Bryan Mulvihill – Sacred Calligraphy Workshop: Traditions, History and Techniques
This workshop lead by Bryan Mulvihill who has for over 50 years practiced calligraphic arts, having studied under many `Living Treasure’ masters from China, Japan, Korea, Middle East and the 1950’s Beat Generation `fathers; Brion Gysin, Allen Ginsberg and William Burrows. Bryan has `permutated’ calligraphic techniques into modern art as a ` Dao:Way’ to express Sacred lineages of `Being in the Present’ Awareness Practice.
Bryan will give an illustrated introduction to various traditions of Sacred Calligraphy throughout Art History in the Opening Friday night first session. Followed by a two day hands on workshop exploring techniques for handling the Chinese/Japanese brush, inks and handmade papers. It will be a continuation of last years workshop, however new students are most welcome. The essence of calligraphy with a Chinese/Japanese brush is learning the techniques of its use, which differ greatly from the `western’ brush traditions. Once mastered great subtlety of expression in any language is possible.
This workshop is for both beginners and long time calligraphy practitioners. Basic materials brush, ink and paper will be provided at coast but do feel free to bring along any brush ink or papers you might have to learn its proper handling, care and preservation.
Calligraphy is one of the most direct art forms capable of exploring and expressing the Art of Being in the Moment. Calligraphy has for centuries been developed as a Meditation in Action technique and practice in the Far East. It is practices world wide as a method to focus the mind, eye, hand continuum and is used extensively as a creative `Meditation in Action’.
The workshop will focus on the Calligraphers Four Treasures: BRUSH, INK, INKSTONE, PAPER
“These are the essential equipment required on the table in a calliraphery scholar’s study. They are always held in deep respect, and have been called the Four Treasures of the Abodes of Culture. Each is dependent on the others, and all are highly prized. Each has a long history of development amounting to a pedigree. Each is also endowed with a symbolic significance that has enveloped it in elaborate layers of meaning. In this short workshop we will concentrate on the Brush, pi in Chinese. It has a long history, the many varieties of materials used to make the calligraphy/painting brush and the various affects they produce when used to apply ink to paper. The Chinese calligraphers brush is quite different from the western painters brush, in both shape, handling and affects it is capable of making. This workshop will focus on how to handle this unique brush to get the maxium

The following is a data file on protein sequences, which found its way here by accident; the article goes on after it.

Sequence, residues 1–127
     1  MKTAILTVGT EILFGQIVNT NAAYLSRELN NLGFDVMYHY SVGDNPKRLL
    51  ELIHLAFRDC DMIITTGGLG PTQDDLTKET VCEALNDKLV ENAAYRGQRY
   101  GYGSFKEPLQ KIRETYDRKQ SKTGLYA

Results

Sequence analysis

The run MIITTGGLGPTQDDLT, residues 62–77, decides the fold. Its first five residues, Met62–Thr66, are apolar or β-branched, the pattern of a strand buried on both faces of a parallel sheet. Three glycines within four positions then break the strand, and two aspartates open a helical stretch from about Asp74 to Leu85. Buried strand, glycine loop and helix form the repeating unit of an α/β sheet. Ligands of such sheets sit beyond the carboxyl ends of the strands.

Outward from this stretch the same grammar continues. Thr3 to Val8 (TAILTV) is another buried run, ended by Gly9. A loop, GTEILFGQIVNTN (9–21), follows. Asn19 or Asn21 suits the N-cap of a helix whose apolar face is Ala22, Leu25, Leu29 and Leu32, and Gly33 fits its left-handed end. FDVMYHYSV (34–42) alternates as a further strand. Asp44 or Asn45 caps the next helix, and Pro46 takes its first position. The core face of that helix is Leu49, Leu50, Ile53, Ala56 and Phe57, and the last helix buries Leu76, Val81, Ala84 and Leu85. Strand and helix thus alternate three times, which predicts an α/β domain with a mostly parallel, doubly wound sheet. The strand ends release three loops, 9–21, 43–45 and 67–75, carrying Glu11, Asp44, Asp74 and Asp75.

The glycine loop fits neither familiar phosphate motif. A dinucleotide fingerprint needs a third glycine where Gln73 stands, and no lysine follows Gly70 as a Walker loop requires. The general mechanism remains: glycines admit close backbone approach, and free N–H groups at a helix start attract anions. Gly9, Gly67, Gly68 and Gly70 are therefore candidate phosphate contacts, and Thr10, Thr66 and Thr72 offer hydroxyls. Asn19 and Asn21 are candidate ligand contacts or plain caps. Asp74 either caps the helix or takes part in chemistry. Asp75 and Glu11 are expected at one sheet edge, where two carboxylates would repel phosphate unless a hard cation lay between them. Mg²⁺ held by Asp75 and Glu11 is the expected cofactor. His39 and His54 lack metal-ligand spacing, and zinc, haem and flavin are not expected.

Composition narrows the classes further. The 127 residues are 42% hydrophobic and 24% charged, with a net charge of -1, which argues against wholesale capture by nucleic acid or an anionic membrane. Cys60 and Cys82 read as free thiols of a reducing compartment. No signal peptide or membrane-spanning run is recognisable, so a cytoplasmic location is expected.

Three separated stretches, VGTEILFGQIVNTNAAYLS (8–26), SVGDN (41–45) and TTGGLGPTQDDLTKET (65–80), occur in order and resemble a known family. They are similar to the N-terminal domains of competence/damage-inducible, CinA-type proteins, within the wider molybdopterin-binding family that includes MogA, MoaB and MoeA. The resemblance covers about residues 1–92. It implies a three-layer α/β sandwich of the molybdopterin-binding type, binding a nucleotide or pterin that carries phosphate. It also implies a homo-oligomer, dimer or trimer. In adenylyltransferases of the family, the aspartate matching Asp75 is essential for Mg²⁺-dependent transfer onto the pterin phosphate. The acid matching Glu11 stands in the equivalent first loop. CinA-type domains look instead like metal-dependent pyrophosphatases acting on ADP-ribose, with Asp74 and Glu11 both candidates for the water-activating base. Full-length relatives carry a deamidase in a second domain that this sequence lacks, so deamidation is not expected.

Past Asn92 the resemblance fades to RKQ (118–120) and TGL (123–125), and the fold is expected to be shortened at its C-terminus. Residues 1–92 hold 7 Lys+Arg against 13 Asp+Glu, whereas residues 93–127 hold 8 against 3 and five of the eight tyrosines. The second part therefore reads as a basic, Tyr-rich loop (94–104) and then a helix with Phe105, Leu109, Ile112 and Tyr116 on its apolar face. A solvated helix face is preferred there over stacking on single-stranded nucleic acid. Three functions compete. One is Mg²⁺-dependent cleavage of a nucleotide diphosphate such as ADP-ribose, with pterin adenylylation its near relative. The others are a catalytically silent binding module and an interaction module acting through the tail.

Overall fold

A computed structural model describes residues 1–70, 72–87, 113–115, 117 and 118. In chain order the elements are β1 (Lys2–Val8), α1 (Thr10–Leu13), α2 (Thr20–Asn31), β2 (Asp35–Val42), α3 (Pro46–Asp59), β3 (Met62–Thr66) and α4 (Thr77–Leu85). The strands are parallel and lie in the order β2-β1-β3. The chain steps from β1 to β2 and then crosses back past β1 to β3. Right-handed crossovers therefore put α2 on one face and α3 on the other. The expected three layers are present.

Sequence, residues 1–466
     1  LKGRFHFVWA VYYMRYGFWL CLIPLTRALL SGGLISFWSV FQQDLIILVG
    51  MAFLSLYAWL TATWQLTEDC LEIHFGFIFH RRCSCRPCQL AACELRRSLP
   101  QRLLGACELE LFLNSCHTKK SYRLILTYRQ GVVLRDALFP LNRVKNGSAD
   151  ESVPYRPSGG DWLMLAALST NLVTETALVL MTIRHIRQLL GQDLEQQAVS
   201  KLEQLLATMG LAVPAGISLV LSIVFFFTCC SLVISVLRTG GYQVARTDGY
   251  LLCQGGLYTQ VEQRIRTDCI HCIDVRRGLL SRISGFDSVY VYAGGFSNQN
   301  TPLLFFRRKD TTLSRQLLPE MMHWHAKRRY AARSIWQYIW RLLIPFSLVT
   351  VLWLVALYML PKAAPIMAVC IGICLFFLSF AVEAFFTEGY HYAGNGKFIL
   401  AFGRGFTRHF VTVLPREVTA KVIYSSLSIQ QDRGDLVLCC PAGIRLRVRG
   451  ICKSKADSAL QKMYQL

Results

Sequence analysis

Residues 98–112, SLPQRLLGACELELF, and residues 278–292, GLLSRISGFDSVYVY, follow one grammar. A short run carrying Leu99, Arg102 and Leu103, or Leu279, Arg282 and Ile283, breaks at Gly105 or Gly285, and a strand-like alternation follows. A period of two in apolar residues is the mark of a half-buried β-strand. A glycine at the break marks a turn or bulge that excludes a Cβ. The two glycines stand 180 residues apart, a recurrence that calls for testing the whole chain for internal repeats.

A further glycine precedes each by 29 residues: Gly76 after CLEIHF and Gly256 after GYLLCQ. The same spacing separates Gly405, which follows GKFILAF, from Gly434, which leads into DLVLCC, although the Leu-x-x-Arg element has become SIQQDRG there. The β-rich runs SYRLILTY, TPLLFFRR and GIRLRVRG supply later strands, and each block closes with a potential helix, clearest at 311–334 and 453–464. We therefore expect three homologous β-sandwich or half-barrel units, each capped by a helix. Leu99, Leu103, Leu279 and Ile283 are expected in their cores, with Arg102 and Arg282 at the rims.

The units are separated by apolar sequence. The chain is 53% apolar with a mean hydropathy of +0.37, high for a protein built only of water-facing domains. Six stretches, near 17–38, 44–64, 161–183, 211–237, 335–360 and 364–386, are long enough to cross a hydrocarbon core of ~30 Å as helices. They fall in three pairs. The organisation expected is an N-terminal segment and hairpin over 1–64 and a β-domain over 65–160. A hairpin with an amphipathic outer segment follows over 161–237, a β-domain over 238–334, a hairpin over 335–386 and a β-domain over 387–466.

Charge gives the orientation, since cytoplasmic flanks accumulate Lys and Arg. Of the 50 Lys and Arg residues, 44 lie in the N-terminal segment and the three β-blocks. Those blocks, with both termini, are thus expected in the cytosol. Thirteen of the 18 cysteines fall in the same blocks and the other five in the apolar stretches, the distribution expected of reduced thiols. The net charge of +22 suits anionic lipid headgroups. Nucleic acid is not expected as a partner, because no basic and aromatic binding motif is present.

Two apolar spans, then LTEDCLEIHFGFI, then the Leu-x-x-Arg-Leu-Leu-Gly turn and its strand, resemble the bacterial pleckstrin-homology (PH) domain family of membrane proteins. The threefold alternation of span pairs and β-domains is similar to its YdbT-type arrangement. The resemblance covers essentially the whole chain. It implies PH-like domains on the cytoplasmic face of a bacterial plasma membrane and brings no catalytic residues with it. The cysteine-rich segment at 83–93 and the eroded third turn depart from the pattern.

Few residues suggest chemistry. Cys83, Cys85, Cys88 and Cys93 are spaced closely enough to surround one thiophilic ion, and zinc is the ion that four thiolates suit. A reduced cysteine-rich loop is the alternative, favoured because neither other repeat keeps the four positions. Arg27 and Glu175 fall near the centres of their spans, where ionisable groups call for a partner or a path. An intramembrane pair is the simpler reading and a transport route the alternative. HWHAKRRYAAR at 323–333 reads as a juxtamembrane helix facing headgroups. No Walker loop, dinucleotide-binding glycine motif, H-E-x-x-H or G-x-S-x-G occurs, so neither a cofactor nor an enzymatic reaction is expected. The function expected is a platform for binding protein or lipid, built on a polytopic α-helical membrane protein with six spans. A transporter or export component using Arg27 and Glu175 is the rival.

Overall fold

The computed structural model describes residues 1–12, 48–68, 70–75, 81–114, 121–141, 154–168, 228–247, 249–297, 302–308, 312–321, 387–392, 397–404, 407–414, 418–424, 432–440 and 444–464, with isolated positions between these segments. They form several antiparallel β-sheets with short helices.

I will bring a selection of calligraphy brushes and some samples of the various effects achieved by each when using them to write or paint with ink on paper.”
Bryan Mulvihill is a long time student of ink/brush painting and has studied with many great masters including Kataoka Sensie, Master Llyod Lee, Master Bau-Xi Huang, and Roshi Shinzan Miyamae.
Bryan is a contemporary artist using the Oriental traditions of Ink-brush painting in modern semi-abstract ways while keeping a deep respect for the long tradition of ‘Way of the Brush’, in which the goal is to capture the `Chi’ or life force expressed through the movement of the `way of the brush’. He will bring a few examples of his current works as well as a selection of brushes used to create them.
The last session of the workshop will focus on the
`Cut-Up’ methods of Brion Gysin and William Burroughs. Bryan uses `cut-up’ and `permutations’ of Chan/Zen Buddhist `koan’ or enlightened phrases, written in the four cardinal directions, to create a mandala that can be read from all directions. Bryan has exhibited these `calligraffiti’ works around the world, most recently in Canada, China, Denmark, France, India, Japan, Norway and UK.
In traditional Indian Buddhist visual aesthetic theory the word for `art’ is not a noun, as in the object, but instead a verb, where the process of viewing a work creates the `art’ as experience in the person beholding the work. These works attempt to engage the beholders in the creative process of `re-creating’ the basic written forms and gestured activity, giving experiential access to the `chi; life force; `spirit of the moment’. The work takes form with each viewing, perpetually changing and re-forming depending on the ambient light, attitude and mood of the viewer. The works are ever shifting and transforming, like a shadow. These works pay homage both to a life long association with Buddhist iconography, the Chi, vital life force, so sought after in the ink-brush cultures of the Far-East.
In the ‘cut-up’ methods of Brion Gysin, the original information or words are `permutated’ by writing them in layers from the four directions to constantly re-constructed the image allowing the viewer to give it a magical force by engaging the viewer in the process of creative energy. Bryan’s `calligraphitie’ works pay homage to the layered cut-ups of Brion Gysin.
Bryan has exhibited photography, calligraphy, ink brush painting, conceptual art, live at, mail art and multimedia works on an ongoing basis since 1969 in both solo and group shows Internationally both under, bryan muvlihill and his artist name de plum `trolley bus’.